The Argentine government will receive tax information on undeclared financial accounts in the US belonging to Argentine citizens, but not until September 2024. The exchange comes after the countries signed a deal known as a FATCA agreement (Foreign Account Tax Compliance Act) earlier this month.
The fine print of the deal, which was released on Tuesday on the Treasury Department’s website, states that the information shall be exchanged no later than nine months “after the end of the calendar year to which the information relates or the next September 30”. Since the US Internal Revenue Service will start collecting the data in January 2023, it will be sent in 2024, if and when Argentina fullfils “the protocols of computer security and confidentiality”, according to what tax expert César Litvin wrote on his Twitter account. “It could even be extended for an extra year,” he added.
Since there are elections in November 2023, this means the information would arrive during the next government’s administration. The fine print also reveals that the US government will share information on depository accounts held by individual residents in Argentina and, in the case of financial accounts, also from entities which pay taxes in the South American country.
🇦🇷🇺🇸 Con la firma junto a Marc Stanley, embajador de Estados Unidos, de un acuerdo para el intercambio automático de información fiscal, dimos un gran paso en materia tributaria que nos permitirá conocer el estado de las cuentas que los ciudadanos argentinos tienen en su país. pic.twitter.com/mSrEbVsXH9— Sergio Massa (@SergioMassa) December 5, 2022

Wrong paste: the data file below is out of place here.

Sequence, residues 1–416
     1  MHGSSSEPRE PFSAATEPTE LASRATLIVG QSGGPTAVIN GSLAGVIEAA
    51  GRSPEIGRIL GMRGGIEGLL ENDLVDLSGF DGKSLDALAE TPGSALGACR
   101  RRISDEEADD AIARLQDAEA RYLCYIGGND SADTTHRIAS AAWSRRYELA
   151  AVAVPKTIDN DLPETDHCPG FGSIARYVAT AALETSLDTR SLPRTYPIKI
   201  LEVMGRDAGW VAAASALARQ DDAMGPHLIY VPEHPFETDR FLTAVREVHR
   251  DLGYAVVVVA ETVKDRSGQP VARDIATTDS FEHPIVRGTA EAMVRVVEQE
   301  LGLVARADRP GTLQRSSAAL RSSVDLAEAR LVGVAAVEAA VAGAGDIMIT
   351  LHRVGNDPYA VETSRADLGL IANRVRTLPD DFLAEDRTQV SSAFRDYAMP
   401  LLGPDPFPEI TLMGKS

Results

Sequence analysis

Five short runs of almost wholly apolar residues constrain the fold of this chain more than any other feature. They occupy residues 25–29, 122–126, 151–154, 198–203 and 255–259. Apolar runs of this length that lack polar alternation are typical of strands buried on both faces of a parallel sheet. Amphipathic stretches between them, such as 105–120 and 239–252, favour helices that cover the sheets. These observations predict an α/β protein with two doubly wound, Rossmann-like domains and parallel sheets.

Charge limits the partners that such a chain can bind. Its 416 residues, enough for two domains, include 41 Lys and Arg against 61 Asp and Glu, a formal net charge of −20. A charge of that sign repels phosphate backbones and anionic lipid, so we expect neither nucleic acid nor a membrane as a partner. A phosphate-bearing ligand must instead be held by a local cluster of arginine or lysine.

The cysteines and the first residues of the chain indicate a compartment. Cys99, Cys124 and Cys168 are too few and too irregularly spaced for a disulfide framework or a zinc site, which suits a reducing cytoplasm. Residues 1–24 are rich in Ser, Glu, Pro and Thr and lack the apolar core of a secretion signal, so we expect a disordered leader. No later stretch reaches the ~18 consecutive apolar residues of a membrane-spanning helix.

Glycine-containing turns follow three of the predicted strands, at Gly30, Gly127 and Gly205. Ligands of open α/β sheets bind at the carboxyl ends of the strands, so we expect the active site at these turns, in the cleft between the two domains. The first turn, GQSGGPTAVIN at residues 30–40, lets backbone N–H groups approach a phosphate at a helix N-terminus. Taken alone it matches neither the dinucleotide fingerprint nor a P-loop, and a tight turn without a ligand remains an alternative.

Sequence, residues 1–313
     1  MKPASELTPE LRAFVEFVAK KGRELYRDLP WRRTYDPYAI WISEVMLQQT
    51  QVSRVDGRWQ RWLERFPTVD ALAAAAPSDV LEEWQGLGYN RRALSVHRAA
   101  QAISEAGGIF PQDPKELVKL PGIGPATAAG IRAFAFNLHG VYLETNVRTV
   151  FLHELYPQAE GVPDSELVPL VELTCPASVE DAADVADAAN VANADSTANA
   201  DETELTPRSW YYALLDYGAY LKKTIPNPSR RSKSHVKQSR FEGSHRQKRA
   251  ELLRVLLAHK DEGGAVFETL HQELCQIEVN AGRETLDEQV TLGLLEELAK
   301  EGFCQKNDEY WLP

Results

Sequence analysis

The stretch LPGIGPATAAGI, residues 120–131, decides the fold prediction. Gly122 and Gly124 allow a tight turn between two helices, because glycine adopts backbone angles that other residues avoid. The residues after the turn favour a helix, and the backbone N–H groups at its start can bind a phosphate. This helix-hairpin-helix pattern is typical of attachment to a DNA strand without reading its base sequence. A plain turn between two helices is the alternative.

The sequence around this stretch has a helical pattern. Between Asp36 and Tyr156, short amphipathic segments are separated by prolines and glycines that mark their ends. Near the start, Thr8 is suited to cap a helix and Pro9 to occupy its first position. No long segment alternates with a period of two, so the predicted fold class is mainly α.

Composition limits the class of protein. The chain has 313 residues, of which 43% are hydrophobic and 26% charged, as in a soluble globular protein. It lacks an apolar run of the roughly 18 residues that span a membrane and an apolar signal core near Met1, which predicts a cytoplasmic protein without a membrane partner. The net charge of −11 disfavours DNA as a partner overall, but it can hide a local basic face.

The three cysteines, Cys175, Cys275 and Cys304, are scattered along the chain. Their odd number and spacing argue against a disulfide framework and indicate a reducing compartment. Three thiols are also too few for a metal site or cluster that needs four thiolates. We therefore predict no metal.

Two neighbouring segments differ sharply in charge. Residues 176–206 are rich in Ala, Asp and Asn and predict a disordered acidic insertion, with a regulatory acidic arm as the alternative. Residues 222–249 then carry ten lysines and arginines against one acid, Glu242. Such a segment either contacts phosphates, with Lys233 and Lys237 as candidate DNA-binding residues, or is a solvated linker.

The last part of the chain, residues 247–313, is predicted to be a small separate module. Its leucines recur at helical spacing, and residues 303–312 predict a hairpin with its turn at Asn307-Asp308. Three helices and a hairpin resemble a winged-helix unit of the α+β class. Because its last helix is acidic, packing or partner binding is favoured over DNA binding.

The newspaper La Nación reported that the government will submit an amnesty bill later this year so tax evaders can start to report their accounts to the AFIP without facing legal action after the information from the US is shared. “We don’t know if it will pass in December, but we want the whole measure package to be finished by January 1, 2023, when the agreement with the US starts being applied,” an official source told the paper.
“The money Massa is after is not what could come from [tax evaders’ information revealed by the deal] but from what he might catch through the amnesty bill, as a result of the scare,” economist José Siaba Serrate told Ámbito Financiero.
But a lawmaker from Juntos por el Cambio told La Nación that this opposition coalition won’t back the amnesty bill, a position far-right blocks are expected to emulate. In early December, deputies José Luis Espert and Pablo Torello, together with right-wing economists, signed a petition asking the US government not to share tax evaders’ information with the Casa Rosada.
Different government officials estimate that Argentines hold some US$100 billion dollars in the US that haven’t been declared to the domestic tax authority, AFIP. Of that, the Ministry of Economy calculates a minimum yearly collection of a billion US dollars in taxes. It is an attractive money pool for a government and central bank thirsty for dollars. However, these new developments further hampered the possibility of getting those funds any time soon.